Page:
Three Sisters is tucked away off the quiet, north end of Okazaki Street, just about where it ends at Marutamachi Street. It was once the home of a prominent Kyoto doctor. On on its south side, just over a wall whose ledge is playground for three to five cats, is the back of the famous Heian Shrine garden.
“Omikuji” (fortunes) at Heian Shrine. The film “Lost in Translation” shot a brief scene here.
On the other side, right on the corner of Okazaki and Marutamachi, is a church and day care center — Shinto and Christianity, intersected by Three Sisters. There’s something deep there. Perhaps.
In the mornings I often wake early, around 6:00 a.m. and walk down to the Lawson convenience store and get a can of hot or cold coffee, or I just stop at the jidohanbaiki at the corner, in front of the small, Yaosen grocery store, and buy a can of Georgia, or Boss, or some such coffee from the machine (hot in the fall and winter, cold in the spring and summer), then walk over to Kurodani Temple, just five minutes away through a couple of narrow, residential streets, and listen to the priests chant a greeting to the morning as the sun rises up from behind the East Mountain, Higashiyama. I might walk straight back to Three Sisters, or stroll back to Marutamachi and get a cup of “Kilimanjaro” at the peaceful Hanafusa Coffee shop, “Home of Kyoto’s First Siphon Coffee”, which is always library-quiet, except for the cool jazz almost always playing low in the background.
In my little, single room, 2009.
Looking east down Marutamachi Street, with Okazaki Street just behind. About 1 min from Three Sisters and 4 or 5 minutes from Hanafusa Syphon Coffee.
For now I will hold off telling “Tales of and from Kay.” Trust me, though, they’re there. And she’s become a dear friend over the years. And she plays the koto. And she’s gotten incredibly angry at me for missing, alas, curfew, a few times. And she and her sisters, Sadako (“Sandy”) and Terumi (“Terry”) are decended from samurai. And for the past several years, whenever I walk down the flagstone path from Okazaki Street to Three Sisters’ entrance and slide open the front door and step through it into the stone genkan (where one takes off and leaves their shoes before stepping up and into the tiny foyer-proper), I now say, “Tadaima” . . . “I’m back home”. To which Kay or whomever of her staff is there answers, “Okaerinasai” . . . “Welcome back” . . . .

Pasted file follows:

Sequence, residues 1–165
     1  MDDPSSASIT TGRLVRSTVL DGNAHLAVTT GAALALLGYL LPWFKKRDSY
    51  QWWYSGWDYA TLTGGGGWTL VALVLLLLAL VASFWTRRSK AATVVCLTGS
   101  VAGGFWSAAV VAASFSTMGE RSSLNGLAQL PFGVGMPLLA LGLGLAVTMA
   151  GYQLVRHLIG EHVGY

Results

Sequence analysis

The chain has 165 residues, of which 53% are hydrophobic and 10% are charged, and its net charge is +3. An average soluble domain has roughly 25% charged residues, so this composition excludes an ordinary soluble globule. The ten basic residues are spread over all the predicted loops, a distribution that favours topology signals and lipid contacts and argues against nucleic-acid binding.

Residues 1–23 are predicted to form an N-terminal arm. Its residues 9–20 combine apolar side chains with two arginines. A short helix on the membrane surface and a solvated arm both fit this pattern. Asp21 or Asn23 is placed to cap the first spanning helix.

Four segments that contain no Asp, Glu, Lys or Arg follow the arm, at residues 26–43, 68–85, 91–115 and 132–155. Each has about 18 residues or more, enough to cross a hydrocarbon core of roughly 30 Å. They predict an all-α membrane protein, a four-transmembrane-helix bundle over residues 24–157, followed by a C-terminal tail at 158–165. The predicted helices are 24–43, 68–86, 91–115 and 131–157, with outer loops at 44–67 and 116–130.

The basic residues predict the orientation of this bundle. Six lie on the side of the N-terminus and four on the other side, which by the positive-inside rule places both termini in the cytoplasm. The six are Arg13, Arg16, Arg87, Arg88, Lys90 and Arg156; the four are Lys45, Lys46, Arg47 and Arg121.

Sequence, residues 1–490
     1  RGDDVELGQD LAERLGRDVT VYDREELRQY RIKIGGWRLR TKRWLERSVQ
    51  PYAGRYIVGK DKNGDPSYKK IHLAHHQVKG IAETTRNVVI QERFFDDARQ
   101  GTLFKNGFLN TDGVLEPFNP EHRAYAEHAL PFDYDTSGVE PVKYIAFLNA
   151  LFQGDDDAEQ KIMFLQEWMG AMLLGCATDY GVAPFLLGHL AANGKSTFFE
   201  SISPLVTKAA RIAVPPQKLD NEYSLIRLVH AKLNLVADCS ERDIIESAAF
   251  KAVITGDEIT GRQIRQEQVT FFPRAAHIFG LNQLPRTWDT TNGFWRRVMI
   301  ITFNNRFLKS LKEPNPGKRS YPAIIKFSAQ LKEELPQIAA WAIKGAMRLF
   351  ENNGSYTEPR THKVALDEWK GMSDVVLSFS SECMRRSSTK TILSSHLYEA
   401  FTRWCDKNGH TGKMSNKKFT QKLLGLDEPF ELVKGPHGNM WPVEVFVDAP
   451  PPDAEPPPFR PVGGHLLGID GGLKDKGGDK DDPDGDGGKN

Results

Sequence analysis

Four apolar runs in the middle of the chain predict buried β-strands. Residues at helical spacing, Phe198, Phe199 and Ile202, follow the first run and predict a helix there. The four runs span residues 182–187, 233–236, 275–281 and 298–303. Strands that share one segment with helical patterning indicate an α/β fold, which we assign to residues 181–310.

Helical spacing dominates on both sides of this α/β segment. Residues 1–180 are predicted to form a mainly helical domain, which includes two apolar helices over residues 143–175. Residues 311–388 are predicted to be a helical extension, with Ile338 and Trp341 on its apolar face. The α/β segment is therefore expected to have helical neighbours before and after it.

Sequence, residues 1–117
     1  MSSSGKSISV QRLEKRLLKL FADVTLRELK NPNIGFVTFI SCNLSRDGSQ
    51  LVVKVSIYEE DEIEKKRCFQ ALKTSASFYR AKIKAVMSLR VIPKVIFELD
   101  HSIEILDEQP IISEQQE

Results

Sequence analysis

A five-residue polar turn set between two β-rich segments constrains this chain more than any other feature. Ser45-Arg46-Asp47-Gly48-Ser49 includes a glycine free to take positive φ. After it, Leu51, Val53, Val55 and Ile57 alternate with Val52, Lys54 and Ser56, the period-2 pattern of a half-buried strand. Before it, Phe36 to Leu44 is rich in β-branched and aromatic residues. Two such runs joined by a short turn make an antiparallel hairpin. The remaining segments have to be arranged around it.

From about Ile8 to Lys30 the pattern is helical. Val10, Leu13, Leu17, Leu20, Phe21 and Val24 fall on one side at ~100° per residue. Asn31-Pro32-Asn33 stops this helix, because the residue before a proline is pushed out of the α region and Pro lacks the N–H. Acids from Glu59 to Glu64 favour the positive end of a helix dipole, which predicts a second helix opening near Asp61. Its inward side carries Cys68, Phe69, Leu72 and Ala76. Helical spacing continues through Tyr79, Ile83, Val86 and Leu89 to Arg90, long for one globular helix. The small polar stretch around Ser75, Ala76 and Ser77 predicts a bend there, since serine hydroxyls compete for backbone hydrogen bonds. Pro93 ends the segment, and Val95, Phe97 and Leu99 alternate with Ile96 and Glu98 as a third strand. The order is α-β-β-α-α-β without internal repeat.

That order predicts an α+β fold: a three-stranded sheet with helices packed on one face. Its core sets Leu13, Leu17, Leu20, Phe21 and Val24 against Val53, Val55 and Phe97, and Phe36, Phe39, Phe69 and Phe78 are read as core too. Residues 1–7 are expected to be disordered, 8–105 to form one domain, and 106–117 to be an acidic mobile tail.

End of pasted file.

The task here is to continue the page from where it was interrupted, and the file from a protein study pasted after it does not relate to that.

January 20, 2013. This note from Kay Yamada arrived in last week’s mail. The return address is the Three Sisters Inn Main Building. Kay obviously made up many of these notes to send to friends and Three Sisters Inn Annex guests around the world, so I don’t think she’d mind me sharing it. I did, however, redact a couple of personal, handwritten lines at the very bottom.
Kay Yamada’s New Year’s 2013 Note.
Update: January 30, 2013 . . .
On the same day, January 20, that I posted the note above, Kay Yamada mailed another couple of letters to me. One was personal, just in her hand. I’m not sharing that one. The other one, folded twice and placed in the same greeting card (Hokusai’s “Akafuji”) as the personal note and, like the one above, was obviously sent out around the world to friends and former guests of Three Sisters. I share that one with you below. I don’t think you have to have experienced what I have for your heart to break as you read this . . .